Francesca Chiejina: the radiant soprano who wants opera for all | Classical music
Francesca Chiejina started his year as a ghost, ended it like a enchanting, and took a goddess, a princess, a poor man and a acclaimed appearance of the Proms along the way. Covid may have meant a forced break for many musicians, but it certainly doesn’t seem to have derailed this radiant and versatile soprano. “Yeah,” she smiles, “I’ve had a crazy year. “
The 30-year-old Nigerian / American singer has been based in London since 2014, studying at Guildhall then earn a seat in the prestigious Royal Opera House Jette Parker Young Artists Program. We are speaking on Zoom as she is in Nigeria for her first visit in over three years. “It’s nice to be here,” she said. “To be on the same soil where I was born. I thought a lot, remembering and rediscovering who I was, who I am and who I want to be.
Who she is and who she wanted to be has never been a singer, let alone a soprano. As a girl in Lagos there were piano and violin lessons and her talent was evident. Her family moved to Michigan in the United States when she was 10 years old (“I remember carrying my violin as hand luggage!”) And in public schools she took free music lessons and is part of orchestras and choirs. “I had solos here and there, and my teachers told me my voice was good,” she says. Yet she began to study to become a doctor, and a very different career seemed planned.
“I never thought I would sing for a living, but that little seed in me kept growing until I was about 20, it just exploded. “
His parents were brought in to convince. There were tears, she said. “They thought I was ruining my life, that I should at least finish my medical education, but I think it was when I got into the Jette Parker program that they finally accepted that I wasn’t making a huge mistake. “
And the soprano song? As a teenager, she sang the viola, the deepest female voice, in choirs, and began her musical training as a mezzo. “I had never really stretched my voice,” she said. “And the sopranos had this reputation for being very difficult to please, difficult girls who like to be the center of attention, and I thought, that’s not me. I am a mezzo, from a personality point of view! But her teacher had a hunch and encouraged her to explore her range, and Chiejina’s voice blossomed.
“For a long time, and even a little still today, I was a reluctant soprano,” she laughs. “But I’m slowly learning to be better – in terms of defending myself. It’s a lot of pressure to be a tenor or a soprano, you have to learn a lot to say no.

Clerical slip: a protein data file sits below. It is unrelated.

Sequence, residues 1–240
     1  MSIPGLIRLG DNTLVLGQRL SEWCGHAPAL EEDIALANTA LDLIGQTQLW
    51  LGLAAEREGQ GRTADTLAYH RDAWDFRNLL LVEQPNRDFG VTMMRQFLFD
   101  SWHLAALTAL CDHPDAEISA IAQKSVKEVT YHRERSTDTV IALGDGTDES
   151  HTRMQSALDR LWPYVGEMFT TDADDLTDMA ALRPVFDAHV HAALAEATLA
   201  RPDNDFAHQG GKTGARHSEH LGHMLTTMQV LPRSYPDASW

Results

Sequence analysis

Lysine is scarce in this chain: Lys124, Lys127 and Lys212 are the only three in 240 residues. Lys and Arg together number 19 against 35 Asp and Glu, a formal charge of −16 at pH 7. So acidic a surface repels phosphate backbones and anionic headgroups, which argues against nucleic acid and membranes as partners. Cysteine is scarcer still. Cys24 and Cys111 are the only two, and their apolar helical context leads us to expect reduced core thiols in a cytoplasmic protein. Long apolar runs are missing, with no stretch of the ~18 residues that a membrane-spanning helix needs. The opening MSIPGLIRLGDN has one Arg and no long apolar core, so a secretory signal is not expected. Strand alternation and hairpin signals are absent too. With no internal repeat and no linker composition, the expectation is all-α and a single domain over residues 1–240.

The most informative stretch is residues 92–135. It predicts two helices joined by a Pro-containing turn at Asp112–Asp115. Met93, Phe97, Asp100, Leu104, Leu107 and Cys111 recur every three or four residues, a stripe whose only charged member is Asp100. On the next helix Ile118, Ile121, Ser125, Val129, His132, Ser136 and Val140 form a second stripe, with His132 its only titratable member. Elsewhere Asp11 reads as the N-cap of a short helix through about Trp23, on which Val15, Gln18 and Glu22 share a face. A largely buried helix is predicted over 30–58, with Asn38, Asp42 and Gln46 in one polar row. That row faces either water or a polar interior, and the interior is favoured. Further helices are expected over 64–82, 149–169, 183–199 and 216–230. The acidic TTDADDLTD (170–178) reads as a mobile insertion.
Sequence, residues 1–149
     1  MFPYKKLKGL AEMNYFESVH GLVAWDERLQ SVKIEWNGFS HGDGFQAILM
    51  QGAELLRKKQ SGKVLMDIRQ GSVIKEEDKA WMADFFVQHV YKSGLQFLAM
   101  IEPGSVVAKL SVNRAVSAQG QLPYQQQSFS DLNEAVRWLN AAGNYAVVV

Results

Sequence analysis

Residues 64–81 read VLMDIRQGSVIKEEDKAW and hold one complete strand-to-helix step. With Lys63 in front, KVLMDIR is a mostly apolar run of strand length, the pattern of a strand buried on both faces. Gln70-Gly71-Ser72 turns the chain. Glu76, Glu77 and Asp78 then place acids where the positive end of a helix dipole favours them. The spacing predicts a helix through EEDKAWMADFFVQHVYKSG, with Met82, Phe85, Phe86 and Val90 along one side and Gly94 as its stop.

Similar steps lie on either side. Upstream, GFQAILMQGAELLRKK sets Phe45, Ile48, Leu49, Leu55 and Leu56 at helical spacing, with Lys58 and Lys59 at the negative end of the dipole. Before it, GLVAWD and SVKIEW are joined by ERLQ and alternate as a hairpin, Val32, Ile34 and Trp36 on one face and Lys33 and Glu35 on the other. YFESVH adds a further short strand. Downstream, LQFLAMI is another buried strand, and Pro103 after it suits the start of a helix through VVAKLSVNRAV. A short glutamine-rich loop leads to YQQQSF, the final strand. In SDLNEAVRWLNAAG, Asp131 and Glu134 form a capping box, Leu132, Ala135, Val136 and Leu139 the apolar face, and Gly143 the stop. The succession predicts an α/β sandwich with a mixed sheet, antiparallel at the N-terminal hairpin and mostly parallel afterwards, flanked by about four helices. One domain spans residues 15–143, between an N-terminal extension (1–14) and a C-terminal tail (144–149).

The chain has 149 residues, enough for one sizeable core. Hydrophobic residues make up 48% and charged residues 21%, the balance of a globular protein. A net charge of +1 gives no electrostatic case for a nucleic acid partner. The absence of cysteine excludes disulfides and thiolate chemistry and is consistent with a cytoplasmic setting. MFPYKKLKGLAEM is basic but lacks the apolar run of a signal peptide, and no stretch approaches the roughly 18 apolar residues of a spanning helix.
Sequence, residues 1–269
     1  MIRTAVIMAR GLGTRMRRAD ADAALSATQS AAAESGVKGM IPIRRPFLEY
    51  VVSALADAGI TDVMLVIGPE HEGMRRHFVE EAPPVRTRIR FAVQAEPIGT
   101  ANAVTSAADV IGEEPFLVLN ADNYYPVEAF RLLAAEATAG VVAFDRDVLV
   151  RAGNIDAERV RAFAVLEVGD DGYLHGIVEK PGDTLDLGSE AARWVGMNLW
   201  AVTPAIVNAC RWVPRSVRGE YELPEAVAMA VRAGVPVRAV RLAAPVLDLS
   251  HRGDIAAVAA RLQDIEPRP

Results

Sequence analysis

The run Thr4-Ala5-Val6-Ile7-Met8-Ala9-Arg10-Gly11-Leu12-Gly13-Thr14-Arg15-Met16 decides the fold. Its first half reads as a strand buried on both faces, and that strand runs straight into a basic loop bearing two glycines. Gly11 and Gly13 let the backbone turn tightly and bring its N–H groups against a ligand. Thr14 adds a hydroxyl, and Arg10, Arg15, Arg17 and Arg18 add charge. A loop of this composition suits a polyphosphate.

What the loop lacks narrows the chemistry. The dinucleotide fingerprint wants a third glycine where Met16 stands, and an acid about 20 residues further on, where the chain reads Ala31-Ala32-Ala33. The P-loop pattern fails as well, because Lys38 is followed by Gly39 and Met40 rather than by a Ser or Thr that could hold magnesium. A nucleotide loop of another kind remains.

Not that “no” was his watchword last year. “Obviously, I don’t want to tire myself out, but I figured that if I said yes to a lot of opportunities, I could find out what I love, and what is empowering in a good – and bad – way, and where my real strengths are. I see it as taking data. It’s really fun to stretch my voice out while I’m young and have the freedom to experiment.
Her voice suggests that she will particularly excel in Verdi and Puccini – and she is currently learning Mimi from La bohème for an English touring opera production in Spring 2022, but in Handel’s Amadigi as enchantress Melissa (also for ETO) , it was hailed as “exceptional”; as a soloist in Berg’s Seven Early Songs at the Proms with John Wilson’s Vertigo orchestra his voice “shone with beauty“, and as Britten’s Miss Jessel in Turn of the Screw – a film production of OperaGlass Works – she was extremely impressive:”Her luscious voice heavy with experience and illicit knowledge. “
Beyond the bohemian, future plans include Strauss’s last four songs at Cadogan Hall, and she reveals that she’d like to do more of Puccini’s famous heroines – Aida or Madama Butterfly’s Cio-Cio-san. “I really want to sing the hell out of these parts. It’s the thrill of these roles. The music is so exciting!
She points out that her music training in the US at public schools was provided free of charge by the state and – had she grown up in the UK where similar opportunities are hopelessly limited – it is unlikely that she could have become the musician she is. today. “Music must be accessible to everyone from an early age. Everyone needs the opportunity to find out. You can’t just force people as adults to go to things they don’t know or care about.
Has she ever felt she didn’t fit the predominantly white world of classical music?
“No one ever made me feel that way, at least not to my face,” she said, “but in my classes I got used to the fact that there were only one or two people of color. I got a little numb from being the token black face and chose not to focus too much on it as it can be an incredibly lonely existence. Instead, I focused on doing it. wanting to excel and just being really, really good at what I do.
On these last points, there is no doubt.